Skip to main content
How to Change Node Version
11 min read

How to Change Node Version


Changing Node.js versions was always difficult for developers. Due to version compatibility, changing Node.js versions for the current session was common but tedious. The end of 2023 release of Node version manager solves this problem. This article shows how to use NVM to check and modify Node.js version. We'll explain how to install and use NVM to swap Node.js versions. Let's understand what is an NVM and how it boosts developer productivity.

Steps we'll cover:

What is Node Version Manager (NVM)?

  • Definition: NVM is a multi-functional command-line utility. It is designed to make it easy to work with multiple Node.js versions on one machine.
  • Primary Function: NVM’s primary functionality is to add the ability to install any version of Node.js, giving quick access to it via the command line. Often different projects require different versions for compatibility, and NVM enables developers to switch between the node versions effortlessly.
  • Benefits of Using NVM:
    • Simplicity: No manual system environment variable modifications. NVM makes transitioning between node versions easy.
    • Isolation: Each Node.js version runs independently, therefore its global npm packages are unique. This isolation prevents version conflicts.
    • Flexibility: NVM lets you swiftly transition between Node.js versions, making it easier to manage projects with different versions.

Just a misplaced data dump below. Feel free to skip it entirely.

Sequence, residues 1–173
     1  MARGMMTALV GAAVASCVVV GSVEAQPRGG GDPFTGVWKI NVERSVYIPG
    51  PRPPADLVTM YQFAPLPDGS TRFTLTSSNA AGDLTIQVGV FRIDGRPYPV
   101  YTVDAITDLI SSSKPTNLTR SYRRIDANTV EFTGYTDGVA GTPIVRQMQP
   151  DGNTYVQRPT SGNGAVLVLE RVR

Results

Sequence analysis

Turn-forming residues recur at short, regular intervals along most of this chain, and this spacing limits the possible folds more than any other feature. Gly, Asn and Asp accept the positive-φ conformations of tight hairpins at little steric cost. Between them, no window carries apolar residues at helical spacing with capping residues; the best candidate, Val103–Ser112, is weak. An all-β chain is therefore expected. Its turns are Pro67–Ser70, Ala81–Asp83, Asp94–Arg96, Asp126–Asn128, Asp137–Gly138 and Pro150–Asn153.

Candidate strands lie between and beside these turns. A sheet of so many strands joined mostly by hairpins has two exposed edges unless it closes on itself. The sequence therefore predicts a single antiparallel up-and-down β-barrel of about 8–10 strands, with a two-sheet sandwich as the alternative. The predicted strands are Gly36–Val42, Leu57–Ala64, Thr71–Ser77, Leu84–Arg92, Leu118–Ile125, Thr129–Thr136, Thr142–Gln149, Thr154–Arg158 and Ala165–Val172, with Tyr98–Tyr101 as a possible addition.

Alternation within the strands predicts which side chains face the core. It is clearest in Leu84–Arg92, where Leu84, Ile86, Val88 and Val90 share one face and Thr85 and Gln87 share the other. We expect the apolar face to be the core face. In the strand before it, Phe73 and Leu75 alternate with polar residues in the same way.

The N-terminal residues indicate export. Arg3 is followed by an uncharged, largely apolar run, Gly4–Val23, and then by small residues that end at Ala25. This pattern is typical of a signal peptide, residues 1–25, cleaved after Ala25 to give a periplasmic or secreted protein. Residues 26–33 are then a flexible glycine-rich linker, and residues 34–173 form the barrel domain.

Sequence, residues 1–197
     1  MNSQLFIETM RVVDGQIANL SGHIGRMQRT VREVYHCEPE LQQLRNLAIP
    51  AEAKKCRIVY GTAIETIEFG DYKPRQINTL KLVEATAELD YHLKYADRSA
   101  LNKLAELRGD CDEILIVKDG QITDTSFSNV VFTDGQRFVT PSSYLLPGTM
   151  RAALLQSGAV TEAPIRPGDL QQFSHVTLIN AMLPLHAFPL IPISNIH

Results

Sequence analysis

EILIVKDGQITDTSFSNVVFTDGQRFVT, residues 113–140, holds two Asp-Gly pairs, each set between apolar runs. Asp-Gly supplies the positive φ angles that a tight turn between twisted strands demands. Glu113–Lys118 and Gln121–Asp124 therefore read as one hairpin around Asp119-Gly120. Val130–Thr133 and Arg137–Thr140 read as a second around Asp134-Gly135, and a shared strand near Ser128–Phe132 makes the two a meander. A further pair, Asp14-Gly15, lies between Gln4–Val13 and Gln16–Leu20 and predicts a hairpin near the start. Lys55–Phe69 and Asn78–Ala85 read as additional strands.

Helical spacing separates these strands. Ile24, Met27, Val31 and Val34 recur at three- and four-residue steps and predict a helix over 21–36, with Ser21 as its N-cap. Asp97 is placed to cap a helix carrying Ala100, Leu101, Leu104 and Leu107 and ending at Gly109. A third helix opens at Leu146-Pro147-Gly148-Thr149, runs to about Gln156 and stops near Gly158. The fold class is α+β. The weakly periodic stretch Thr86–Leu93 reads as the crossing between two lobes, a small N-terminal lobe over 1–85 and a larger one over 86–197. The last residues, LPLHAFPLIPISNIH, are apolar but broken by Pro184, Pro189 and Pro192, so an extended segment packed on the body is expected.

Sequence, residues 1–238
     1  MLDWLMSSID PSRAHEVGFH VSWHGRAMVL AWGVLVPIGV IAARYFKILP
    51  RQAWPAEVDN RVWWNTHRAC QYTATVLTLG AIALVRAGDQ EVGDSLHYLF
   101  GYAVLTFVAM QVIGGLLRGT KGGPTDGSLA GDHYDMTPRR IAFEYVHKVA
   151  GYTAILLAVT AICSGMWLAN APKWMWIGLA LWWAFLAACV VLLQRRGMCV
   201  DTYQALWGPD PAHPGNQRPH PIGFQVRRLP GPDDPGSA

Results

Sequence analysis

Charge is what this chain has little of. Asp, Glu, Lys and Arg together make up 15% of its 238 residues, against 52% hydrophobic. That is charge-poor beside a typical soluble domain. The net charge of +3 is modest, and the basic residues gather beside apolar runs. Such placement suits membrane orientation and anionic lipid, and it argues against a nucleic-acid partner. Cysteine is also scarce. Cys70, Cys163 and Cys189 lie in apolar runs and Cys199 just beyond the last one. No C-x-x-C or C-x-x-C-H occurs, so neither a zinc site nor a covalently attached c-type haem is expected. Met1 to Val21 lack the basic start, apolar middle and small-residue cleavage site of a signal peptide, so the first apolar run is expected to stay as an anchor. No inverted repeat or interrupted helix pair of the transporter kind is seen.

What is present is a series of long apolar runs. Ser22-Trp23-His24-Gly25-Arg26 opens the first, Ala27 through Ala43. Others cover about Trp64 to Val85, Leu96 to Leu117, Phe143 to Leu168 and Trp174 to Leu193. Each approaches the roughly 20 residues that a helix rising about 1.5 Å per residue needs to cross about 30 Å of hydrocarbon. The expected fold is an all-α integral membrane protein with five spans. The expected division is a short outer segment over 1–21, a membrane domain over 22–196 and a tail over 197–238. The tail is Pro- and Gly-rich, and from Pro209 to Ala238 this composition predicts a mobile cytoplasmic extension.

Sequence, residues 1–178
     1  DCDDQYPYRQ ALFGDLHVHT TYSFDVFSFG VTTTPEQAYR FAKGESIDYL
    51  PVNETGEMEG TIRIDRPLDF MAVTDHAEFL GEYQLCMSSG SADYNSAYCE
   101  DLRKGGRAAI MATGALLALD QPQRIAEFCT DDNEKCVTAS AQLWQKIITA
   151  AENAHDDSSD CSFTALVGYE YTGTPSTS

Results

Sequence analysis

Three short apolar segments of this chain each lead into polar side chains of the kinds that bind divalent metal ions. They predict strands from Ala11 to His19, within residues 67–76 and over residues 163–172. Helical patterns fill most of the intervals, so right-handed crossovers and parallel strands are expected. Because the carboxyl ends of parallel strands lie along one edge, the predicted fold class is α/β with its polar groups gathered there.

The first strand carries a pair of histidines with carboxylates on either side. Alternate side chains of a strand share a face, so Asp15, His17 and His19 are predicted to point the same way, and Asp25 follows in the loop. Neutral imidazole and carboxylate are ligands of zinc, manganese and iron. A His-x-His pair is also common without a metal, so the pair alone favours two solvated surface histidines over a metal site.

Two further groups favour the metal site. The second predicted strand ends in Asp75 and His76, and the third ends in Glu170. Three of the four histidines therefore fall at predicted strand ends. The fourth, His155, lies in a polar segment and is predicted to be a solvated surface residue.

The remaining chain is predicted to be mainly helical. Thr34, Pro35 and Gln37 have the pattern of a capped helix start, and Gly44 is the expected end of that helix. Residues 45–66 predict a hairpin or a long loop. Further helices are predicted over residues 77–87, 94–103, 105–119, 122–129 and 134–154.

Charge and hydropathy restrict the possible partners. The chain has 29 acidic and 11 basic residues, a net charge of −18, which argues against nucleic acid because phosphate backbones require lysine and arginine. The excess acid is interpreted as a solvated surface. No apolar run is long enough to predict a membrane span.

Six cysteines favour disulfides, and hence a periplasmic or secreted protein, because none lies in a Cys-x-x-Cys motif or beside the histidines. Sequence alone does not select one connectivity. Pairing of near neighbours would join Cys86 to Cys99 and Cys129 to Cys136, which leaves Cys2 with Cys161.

Why Developers Need NVM

  • Multiple Node.js Versions: Software developers often work on multiple projects that require different versions. Developers can swap versions effortlessly with NVM.
  • Problems Solved by NVM:
    • Without NVM, developers may need to uninstall and reinstall Node.js to switch versions. NVM manages and switches between versions with one command, eliminating this complication.
    • Developers may use virtual machines or dual boot to work with different Node.js versions. NVM manages many Node.js versions on one OS, eliminating this.

Of course, it is also possible to install different versions of Node.js without using NVM and you can also switch different versions without NVM. However, it will require frequent modification to PATH variable to point to the directory of a specific Node.js version. However, using NVM gives the flexibility to switch Node.js versions with a simple command.